Lawyer seeks writ of habeas corpus for jail inmate held in prison

Kevin J. Daves was allegedly held in solitary confinement and fed only peanut butter and crackers.

The attorney for an inmate at the Island County Jail who had been awaiting trial filed a petition for a writ of habeas corpus after the inmate was transferred to a state prison, where he allegedly was held in solitary confinement and fed only peanut butter and crackers.

The defendant, Kevin J. Daves, was brought back to Island County Jail before the petition could be heard, but his attorney said he is now seeking to have his client released.

Daves, a 55-year-old Lynnwood resident, is being held in jail after being charged in two felony domestic-violence cases related to incidents on Camano Island.

Anacortes attorney Dennis Scott filed the petition for the writ of habeas corpus in Island County Superior Court on behalf of Daves. A writ of habeas corpus, which are rare in superior court, is a judge’s order for a prisoner to be brought to court in order to establish the legality of the imprisonment.

In the petition, Scott wrote that Daves was transferred from the jail to the state prison in Shelton, although he hadn’t been convicted of a crime.

Normally, defendants are released or held in a jail pending trial.

Scott wrote that Daves was held in isolation for 23 hours a day “for no apparent reason,” received no medical care and was at a greater risk of contracting COVID-19.

Daves had a gastric bypass and needs a special diet, but was fed only peanut butter and crackers and lost 10 pounds in two weeks, the petition states.

“They didn’t do anything for him and he only got worse when he was down there,” he said in court Monday.

The petition states that moving Daves three and a half hours away made it impossible for the attorney and client to prepare for court.

“It is alleged that the cause for Kevin Daves’ restraint is illegal,” the petition states, “insofar as it is an extrajudicial action taken without notice to counsel or Kevin Daves which affects his right to counsel guaranteed by the Sixth Amendment to the United States Constitution.”

Jose Briones, chief of the Island County Jail, explained that the jail has an agreement with the Department of Corrections in which the two entities will temporarily hold inmates for each other.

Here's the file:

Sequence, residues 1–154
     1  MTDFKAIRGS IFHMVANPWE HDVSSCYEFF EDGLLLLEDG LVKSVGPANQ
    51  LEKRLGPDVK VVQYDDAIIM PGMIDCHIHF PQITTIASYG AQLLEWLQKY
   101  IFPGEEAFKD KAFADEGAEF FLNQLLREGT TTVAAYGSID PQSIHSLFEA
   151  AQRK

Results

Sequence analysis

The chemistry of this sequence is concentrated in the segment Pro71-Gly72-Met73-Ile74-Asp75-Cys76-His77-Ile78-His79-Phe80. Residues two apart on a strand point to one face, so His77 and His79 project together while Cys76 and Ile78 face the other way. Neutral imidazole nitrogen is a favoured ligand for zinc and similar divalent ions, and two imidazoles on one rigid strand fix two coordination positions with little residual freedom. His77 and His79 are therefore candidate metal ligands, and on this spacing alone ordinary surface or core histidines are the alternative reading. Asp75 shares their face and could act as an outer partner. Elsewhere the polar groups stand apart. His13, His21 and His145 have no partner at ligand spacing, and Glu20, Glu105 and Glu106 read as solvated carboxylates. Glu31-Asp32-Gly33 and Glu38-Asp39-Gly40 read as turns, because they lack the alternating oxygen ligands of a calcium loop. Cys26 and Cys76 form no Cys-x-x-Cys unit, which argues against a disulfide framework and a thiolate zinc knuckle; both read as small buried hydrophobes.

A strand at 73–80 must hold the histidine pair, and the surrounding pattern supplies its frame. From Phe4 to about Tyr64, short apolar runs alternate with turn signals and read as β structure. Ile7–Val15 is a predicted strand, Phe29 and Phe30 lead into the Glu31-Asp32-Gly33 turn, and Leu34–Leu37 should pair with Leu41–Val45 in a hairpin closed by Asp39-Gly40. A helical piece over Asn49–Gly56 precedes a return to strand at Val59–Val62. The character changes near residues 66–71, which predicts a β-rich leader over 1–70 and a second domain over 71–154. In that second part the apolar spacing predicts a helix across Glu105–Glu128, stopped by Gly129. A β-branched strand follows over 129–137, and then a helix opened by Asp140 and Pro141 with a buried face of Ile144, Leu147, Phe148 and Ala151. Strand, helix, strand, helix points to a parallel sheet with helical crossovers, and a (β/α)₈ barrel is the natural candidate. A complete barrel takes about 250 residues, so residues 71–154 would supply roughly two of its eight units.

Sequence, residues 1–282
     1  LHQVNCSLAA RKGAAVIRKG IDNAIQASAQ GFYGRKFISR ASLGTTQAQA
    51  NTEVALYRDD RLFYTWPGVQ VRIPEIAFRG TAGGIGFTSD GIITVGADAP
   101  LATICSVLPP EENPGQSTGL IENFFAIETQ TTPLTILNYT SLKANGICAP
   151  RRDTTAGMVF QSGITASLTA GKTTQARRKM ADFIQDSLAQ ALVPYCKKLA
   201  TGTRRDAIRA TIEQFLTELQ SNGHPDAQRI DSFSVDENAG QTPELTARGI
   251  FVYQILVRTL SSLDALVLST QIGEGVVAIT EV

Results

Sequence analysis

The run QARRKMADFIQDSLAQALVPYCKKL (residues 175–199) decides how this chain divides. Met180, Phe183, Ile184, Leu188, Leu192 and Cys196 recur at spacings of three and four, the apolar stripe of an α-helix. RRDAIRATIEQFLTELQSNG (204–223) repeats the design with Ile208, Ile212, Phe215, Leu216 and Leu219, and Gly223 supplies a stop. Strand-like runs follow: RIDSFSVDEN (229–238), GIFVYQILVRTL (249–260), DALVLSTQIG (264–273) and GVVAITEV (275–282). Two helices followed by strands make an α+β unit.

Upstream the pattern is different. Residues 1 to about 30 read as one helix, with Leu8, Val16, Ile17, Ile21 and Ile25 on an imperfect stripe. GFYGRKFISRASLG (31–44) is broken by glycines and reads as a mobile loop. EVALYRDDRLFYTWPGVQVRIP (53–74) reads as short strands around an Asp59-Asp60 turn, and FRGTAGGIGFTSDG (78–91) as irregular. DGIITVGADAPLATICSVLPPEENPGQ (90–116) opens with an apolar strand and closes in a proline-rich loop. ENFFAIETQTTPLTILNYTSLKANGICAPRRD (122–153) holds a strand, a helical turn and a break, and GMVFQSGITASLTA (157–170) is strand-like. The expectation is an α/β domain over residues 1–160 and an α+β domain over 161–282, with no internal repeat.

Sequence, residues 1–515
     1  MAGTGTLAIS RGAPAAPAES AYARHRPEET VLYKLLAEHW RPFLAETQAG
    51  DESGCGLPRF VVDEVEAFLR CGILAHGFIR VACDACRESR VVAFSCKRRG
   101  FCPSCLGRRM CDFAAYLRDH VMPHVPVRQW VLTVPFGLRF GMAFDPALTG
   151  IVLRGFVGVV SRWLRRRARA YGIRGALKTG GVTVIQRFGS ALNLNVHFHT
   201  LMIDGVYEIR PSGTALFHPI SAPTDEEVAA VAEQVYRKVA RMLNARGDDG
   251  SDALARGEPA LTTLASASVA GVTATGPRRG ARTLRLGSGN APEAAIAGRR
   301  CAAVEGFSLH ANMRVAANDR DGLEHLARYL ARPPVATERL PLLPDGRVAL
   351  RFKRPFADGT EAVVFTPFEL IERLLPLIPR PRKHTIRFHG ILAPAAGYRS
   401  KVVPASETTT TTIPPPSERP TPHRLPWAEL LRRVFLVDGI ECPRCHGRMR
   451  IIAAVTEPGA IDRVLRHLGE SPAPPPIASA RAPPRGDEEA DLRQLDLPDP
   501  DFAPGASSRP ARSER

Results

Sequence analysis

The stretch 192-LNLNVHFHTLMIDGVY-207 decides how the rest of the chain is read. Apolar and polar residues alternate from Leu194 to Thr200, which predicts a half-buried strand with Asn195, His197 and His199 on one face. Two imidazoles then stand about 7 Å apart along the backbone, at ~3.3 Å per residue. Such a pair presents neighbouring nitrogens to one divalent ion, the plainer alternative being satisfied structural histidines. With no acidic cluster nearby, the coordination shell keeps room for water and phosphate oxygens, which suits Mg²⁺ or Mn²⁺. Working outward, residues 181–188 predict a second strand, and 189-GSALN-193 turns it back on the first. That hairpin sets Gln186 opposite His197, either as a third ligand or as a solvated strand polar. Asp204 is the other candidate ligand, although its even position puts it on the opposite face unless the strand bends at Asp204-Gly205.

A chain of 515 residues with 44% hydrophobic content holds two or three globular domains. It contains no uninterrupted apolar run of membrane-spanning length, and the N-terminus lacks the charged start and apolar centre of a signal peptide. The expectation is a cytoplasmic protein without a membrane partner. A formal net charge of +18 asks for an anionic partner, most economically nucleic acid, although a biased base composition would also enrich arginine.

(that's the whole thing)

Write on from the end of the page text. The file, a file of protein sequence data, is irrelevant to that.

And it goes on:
Briones said jail inmates may be transferred to a state facility if he or she needs a higher level of medical or mental health care than the jail is able to provide or if there’s a safety issue beyond the jail’s capacity to manage.

Rachel Ericson, deputy communications director for the Department of Corrections, explained in an email that Daves was held as a “boarder,” which is an individual from a county facility, from May 19-June 11. Since he hasn’t been sentenced to time in prison, he wasn’t eligible for placement in general population.

Ericson said Daves was, however, appropriately seen by a comprehensive medical staff on multiple occasions and received regular meals, with peanut butter and crackers as a snack option in addition to breakfast, lunch and dinner.

Daves is being held in lieu of a $75,000 bail bond.

Prosecutors charged Daves in Island County Superior Court on Dec. 10, 2020 with burglary in the first degree and violation of a domestic violence no-contact order. He was accused of going to the home of his ex-wife in violation of a court order and entering the house without permission while armed with a knife, court documents state.

Four months prior, Daves was charged with a felony violation of a court order.

In court this week, Scott asked Judge Christon Skinner to release Daves to live with his daughter in the Seattle area. Skinner, however, said the issue should be heard in a special hearing.

Scott also said he wanted to prevent his client from being sent back to the prison before trial, but the judge said the jail administration makes those decisions.

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